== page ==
President Barack Obama has announced that the US and Cuba are moving to "normalise diplomatic relations" more than 50 years after they were severed.
Shops in Moscow were literally stripped bare as Russians try to offload their roubles before they become next to worthless.
The collapse of the currency could also have serious implications for Vladimir Putin's political position, according to one of the country's opposition leaders.
ITV News Europe Editor James Mates reports from Moscow.
A prisoner exchange and the announcement of a re-established US embassy in Havana mark a momentous turn in US-Cuban relations.
But some in America are distinctly unhappy at President Obama's decision to reach out to the communist state.
ITV News Washington Correspondent Robert Moore reports.
More is now known about the Pakistani Taliban group who carried out the massacre in Peshawar and the man who ordered it.
Maulana Fazlullah also ordered the school attack in which Malala Yousefzai, almost lost her life.
ITV News Correspondent Neil Connery reports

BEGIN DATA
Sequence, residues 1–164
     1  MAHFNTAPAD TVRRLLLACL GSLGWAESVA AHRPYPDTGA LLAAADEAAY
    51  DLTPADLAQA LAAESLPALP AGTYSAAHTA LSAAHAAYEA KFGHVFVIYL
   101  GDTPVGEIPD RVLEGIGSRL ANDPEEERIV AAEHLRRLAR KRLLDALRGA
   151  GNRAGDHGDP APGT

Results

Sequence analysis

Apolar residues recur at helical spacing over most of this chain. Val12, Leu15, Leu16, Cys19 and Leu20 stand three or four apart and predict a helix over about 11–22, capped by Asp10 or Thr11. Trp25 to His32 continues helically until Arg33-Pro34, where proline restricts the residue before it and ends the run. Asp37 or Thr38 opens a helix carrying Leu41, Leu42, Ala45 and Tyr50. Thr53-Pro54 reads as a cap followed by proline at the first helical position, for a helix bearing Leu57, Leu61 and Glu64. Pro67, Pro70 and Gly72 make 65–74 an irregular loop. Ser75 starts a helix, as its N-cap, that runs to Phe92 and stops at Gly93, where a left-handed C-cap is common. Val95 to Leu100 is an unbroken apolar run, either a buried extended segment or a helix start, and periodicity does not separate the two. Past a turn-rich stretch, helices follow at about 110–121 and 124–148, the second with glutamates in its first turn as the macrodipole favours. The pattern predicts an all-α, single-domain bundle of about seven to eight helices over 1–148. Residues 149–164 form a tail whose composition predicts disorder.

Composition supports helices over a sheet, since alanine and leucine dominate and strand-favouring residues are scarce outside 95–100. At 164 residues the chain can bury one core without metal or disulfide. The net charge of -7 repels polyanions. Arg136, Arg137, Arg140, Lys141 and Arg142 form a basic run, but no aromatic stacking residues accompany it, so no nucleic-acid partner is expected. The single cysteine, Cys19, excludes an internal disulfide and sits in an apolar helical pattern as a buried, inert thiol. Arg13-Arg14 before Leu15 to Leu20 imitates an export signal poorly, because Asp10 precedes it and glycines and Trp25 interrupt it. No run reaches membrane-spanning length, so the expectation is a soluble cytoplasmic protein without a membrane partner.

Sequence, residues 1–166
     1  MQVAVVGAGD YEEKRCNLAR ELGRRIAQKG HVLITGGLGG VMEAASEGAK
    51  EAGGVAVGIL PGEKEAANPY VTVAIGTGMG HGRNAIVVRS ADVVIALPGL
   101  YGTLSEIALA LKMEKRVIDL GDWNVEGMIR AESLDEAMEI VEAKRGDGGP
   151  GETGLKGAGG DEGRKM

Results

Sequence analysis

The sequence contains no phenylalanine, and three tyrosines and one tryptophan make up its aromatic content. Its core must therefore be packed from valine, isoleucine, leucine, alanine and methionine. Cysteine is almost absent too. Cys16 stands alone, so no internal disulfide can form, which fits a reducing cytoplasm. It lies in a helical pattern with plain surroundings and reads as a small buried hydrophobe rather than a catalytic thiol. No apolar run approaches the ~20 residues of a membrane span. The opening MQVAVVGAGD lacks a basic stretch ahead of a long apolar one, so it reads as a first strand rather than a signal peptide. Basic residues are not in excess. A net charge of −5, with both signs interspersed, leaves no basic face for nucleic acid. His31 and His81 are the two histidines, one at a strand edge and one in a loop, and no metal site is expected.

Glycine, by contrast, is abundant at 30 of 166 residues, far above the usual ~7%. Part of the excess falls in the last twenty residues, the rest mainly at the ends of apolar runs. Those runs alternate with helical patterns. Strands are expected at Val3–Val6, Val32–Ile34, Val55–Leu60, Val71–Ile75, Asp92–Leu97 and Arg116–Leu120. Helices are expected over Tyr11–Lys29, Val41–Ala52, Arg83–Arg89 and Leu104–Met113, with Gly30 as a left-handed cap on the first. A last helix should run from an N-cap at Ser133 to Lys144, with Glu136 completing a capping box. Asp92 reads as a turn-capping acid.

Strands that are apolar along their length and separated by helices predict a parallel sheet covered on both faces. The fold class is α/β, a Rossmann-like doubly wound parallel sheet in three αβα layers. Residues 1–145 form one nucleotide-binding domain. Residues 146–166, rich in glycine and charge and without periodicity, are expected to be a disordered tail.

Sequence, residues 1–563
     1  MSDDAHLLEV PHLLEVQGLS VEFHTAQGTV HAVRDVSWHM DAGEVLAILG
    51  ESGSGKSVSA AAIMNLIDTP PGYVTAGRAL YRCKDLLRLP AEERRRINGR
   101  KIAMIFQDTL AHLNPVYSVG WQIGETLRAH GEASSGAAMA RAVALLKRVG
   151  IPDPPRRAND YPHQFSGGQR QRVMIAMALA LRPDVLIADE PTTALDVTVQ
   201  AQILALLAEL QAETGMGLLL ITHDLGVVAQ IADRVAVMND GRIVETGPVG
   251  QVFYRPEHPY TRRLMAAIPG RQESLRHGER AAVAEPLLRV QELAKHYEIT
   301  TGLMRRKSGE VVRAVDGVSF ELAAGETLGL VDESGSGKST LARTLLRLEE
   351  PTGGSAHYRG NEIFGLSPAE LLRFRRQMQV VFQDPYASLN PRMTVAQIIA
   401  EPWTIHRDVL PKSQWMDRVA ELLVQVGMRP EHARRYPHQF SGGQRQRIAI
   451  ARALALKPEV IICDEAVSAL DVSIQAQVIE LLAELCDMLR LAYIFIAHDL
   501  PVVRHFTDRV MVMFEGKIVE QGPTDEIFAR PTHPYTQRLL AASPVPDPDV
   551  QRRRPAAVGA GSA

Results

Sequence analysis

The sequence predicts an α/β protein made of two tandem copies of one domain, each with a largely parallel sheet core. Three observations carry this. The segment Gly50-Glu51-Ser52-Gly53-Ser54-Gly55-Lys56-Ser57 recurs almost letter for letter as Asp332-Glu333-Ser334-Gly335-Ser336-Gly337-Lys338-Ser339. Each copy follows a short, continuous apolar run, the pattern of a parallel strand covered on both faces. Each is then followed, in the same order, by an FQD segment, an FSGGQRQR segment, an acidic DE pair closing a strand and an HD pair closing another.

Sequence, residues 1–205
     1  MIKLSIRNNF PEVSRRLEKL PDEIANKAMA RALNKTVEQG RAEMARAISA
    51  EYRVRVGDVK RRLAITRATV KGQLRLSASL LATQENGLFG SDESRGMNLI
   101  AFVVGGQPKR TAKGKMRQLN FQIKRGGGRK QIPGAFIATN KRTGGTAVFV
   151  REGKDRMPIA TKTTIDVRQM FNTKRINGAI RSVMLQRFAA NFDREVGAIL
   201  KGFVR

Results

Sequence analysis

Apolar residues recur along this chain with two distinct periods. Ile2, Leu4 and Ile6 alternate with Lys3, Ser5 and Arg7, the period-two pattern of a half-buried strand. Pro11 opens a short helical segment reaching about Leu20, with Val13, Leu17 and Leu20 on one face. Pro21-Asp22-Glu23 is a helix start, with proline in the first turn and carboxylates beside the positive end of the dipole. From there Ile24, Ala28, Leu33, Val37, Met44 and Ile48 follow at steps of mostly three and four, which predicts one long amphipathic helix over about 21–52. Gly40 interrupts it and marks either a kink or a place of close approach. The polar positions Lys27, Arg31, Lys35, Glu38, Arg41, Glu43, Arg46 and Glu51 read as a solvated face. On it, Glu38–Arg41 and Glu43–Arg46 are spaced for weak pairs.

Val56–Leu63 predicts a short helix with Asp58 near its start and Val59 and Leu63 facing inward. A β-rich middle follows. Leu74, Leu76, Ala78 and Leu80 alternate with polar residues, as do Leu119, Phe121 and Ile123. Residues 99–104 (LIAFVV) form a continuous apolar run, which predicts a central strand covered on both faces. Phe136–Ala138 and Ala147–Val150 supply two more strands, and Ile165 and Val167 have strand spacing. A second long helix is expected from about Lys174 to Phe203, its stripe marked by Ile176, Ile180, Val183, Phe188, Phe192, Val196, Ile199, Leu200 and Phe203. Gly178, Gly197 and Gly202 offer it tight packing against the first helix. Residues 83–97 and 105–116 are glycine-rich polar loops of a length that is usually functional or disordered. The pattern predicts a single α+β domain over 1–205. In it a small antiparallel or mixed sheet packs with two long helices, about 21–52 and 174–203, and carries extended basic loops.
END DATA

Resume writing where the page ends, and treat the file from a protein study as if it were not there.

The first-female bishop has returned to her church tonight where her congregation greeted her with cheers and toasted her with champagne.
Libby Lane made Church of England history today by becoming the first woman vicar ever to be made a bishop when she was named the Bishop of Stockport.
ITV News Reporter Ben Chapman reports:
Sony Pictures has said it is "deeply saddened" that threats from hackers have forced them to cancel the release of 'The Interview', a comedy film about a plot to assassinate North Korean leader Kim Jong-Un.
"In light of the decision by the majority of our exhibitors not to show the film 'The Interview', we have decided not to move forward with the planned December 25 theatrical release," the company said in a statement.
The studio said it was "deeply saddened at this brazen effort to suppress the distribution of a movie, and in the process do damage to our company."
Sony has announced it is cancelling the release of controversial film The Interview after a number of cinemas said they would not show it.
The company said it was "extremely disappointed at this outcome".
The comedy, which stars Seth Rogen and James Franco, depicts a plot to assassinate the North Korean leader and has drawn fierce criticism from the country's government.
The cinemas opted not to show the film after threats from hackers who said they would target US cinemas.